My Antonia: Foreword by Jerry DePew

Overview

Travel back in time to the Nebraska prairies of the 1880s with Willa Cather, the author of this famous classic. She was there. She heard the wind moan over the red-grass praires, the howl of the coyotes, and the clanging of the windmill in the night.
Jim Burden, the narrator of the novel, encounters a Bohemian girl, Antonia, who makes an impact on his soul. Observing her struggles in the new land, he is amazed by how she overcomes the ...
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Overview

Travel back in time to the Nebraska prairies of the 1880s with Willa Cather, the author of this famous classic. She was there. She heard the wind moan over the red-grass praires, the howl of the coyotes, and the clanging of the windmill in the night.
Jim Burden, the narrator of the novel, encounters a Bohemian girl, Antonia, who makes an impact on his soul. Observing her struggles in the new land, he is amazed by how she overcomes the obstacles, trials, and tribulations of life.
One reader said, "I couldn't put it down until I finished it. Another reader said that she had read it years ago, and "its poignant moments linger with me."

Willa Cather's masterful portrait of prairie culture, based on her own life. Against Nebraska's panoramic landscape, Cather recreates the life of an immigrant girl who becomes, in the memories of narrator Jim Burden, the epitome of strong and dignifed womanhood.

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Editorial Reviews

Western American Literature
"A distilled, high-level course in Cather."—Western American Literature
Review of English Studies
"The arrival of a definitive text . . . does timely service. Handsomely printed, and replete with textual notes and James Woodress’s assiduous history of the novel’s composition and reception, it gives My Ántonia due scholarly format."—Review of English Studies
From Barnes & Noble
A masterful story of primitive themes told with elegance and affection, this novel depicts the violent yet inspiring existence of the foreign and native-born settlers to Nebraska in the early years of this century. Considered by the author to be her best work.
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Product Details

  • ISBN-13: 9780983582311
  • Publisher: Paralogos Publishing
  • Publication date: 8/25/2012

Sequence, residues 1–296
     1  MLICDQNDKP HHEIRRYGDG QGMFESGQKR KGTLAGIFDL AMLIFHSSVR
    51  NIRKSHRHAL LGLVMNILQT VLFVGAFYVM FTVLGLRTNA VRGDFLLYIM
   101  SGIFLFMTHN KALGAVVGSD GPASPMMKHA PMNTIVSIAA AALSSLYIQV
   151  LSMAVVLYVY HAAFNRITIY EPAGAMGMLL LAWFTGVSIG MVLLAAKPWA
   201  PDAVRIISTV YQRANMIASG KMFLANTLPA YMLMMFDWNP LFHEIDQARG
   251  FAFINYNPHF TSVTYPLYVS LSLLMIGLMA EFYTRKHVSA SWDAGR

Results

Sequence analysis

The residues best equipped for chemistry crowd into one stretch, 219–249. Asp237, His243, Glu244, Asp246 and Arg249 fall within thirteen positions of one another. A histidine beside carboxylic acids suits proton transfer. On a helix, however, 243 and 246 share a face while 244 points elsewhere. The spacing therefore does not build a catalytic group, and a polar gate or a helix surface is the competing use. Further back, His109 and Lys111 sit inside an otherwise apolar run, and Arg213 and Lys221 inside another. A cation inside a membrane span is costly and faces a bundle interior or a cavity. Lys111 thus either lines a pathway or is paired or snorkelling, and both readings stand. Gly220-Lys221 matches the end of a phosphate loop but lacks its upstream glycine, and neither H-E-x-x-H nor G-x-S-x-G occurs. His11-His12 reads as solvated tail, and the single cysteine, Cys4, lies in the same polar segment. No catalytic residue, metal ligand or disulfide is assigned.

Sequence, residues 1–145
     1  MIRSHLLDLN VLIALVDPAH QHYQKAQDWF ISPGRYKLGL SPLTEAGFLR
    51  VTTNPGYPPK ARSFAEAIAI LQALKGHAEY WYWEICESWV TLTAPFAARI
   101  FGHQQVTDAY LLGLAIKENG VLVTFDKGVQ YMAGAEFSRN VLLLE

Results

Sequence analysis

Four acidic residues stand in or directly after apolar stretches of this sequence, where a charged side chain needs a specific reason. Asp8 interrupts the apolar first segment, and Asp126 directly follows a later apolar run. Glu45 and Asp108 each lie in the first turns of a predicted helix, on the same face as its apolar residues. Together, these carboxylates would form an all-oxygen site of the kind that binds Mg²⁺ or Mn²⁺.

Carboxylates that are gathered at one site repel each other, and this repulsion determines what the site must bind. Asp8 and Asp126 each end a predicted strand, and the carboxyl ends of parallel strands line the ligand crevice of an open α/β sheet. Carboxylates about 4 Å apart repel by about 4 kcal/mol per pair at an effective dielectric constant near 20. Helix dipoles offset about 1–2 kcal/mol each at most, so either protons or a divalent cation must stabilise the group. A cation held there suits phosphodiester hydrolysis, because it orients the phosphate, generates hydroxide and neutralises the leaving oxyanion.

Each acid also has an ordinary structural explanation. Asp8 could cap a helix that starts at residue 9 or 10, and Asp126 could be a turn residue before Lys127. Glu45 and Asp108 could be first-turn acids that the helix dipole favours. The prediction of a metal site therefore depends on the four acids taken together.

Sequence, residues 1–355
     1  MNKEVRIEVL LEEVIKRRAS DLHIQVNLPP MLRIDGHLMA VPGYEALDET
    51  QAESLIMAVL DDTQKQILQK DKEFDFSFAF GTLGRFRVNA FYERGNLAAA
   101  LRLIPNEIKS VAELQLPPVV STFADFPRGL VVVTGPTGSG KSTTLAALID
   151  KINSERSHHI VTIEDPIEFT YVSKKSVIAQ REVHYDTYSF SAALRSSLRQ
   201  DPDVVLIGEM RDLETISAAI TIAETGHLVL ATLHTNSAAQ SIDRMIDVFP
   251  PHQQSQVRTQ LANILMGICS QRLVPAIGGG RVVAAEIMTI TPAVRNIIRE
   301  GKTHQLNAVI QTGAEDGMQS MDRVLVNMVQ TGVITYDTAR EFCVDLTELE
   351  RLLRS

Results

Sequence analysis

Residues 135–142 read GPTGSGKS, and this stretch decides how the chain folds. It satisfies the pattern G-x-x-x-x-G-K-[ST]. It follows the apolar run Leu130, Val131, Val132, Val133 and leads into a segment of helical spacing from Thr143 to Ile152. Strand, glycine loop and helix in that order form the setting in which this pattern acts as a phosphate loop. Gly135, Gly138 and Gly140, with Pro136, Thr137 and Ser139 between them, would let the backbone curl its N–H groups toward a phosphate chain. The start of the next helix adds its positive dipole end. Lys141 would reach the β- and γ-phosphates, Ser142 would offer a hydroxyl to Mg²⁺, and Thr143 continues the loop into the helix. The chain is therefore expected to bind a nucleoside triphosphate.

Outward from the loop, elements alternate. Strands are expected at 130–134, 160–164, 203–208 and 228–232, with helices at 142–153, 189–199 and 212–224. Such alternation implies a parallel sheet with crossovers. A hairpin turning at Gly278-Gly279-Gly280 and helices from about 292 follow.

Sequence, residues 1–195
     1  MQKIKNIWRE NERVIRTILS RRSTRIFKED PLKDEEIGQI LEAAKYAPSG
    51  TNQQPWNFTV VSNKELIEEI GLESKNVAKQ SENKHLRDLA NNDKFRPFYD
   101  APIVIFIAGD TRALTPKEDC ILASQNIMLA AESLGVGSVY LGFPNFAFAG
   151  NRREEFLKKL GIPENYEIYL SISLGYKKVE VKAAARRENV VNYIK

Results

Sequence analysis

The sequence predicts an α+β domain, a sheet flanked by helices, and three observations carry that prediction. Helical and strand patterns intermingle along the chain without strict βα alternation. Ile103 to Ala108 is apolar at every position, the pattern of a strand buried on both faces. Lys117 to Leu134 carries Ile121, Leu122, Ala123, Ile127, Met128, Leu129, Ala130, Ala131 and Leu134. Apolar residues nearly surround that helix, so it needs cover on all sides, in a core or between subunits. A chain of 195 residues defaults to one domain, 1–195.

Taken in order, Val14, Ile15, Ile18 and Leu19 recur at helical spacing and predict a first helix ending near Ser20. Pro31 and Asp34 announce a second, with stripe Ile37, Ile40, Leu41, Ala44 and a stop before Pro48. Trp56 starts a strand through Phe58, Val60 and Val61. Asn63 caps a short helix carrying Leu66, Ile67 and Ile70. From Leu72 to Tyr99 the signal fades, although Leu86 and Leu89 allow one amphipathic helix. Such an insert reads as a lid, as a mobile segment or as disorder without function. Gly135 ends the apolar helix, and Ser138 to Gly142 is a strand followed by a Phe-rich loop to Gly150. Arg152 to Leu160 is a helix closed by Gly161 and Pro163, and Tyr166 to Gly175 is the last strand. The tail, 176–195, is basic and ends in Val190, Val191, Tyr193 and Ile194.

• Pages: 278
  • Product dimensions: 6.00 (w) x 9.00 (h) x 0.58 (d)

Meet the Author


One of the great American writers of the twentieth century, Willa Cather enjoyed distinguished careers as a journalist, editor, and fiction writer. She is most often thought of as a chronicler of the pioneer American West. Cather's fiction is characterized by a strong sense of place, the subtle presentation of human relationships, an often unconventional narrative structure, and a style of clarity and beauty.Willa was born on December 7, 1875, in Back Creek Valley, Virginia. In 1883, the Cather family moved to Nebraska, where her father opened a loan and insurance office. Willa attributed the family's lack of financial success to her father, whom she claimed placed intellectual and spiritual matters over those of the business. Her mother was a vain woman, mostly concerned with fashion and trying to turn Willa into "a lady," despite the fact that Willa defied the norms for girls, cutting her hair short and wearing trousers. After graduating from the University of Nebraska in 1895, Willa was offered a position editing Home Monthly in Pittsburgh, Pennsylvania. While editing the magazine, she wrote short stories to fill its pages, including a collection called "The Troll Garden" in 1905, which caught the attention of S. S. McClure. The following year, Willa moved to New York to join the editorial staff of McClure's Magazine. She eventually became managing editor and saved the magazine from financial disaster. After the publication of "Alexander's Bridge" in 1912, she left McClure's and devoted herself to creative writing. A year later, Willa published her bestseller O Pioneers!—a celebration of the strength and courage of the frontier settlers. Other well-known novels with this theme are My Ántonia and the Pulitzer Prize–winning One of Ours.Willa's prolific success lead to a period of despair, but after she recovered, she wrote some of her greatest novels, including The Professor's House, My Mortal Enemy, and Death Comes for the Archbishop. She maintained an active writing career, publishing novels and short stories for many years until her death on April 24, 1947. An AudioFile Earphones Award winner and Audie Award finalist, Patrick Lawlor is also an accomplished stage actor, director, and combat choreographer. His recent audio includes the New York Times bestseller The Last True Story I'll Ever Tell (Tantor). "Lawlor is masterful." —The Philadelphia Inquirer

Biography

Wilella Sibert Cather was born on December 7, 1873, in the small Virginia farming community of Winchester. When she was ten years old, her parents moved the family to the prairies of Nebraska, where her father opened a farm mortgage and insurance business. Home-schooled before enrolling in the local high school, Cather had a mind of her own, changing her given name to Willa and adopting a variation of her grandmother's maiden name, Seibert, as her middle name.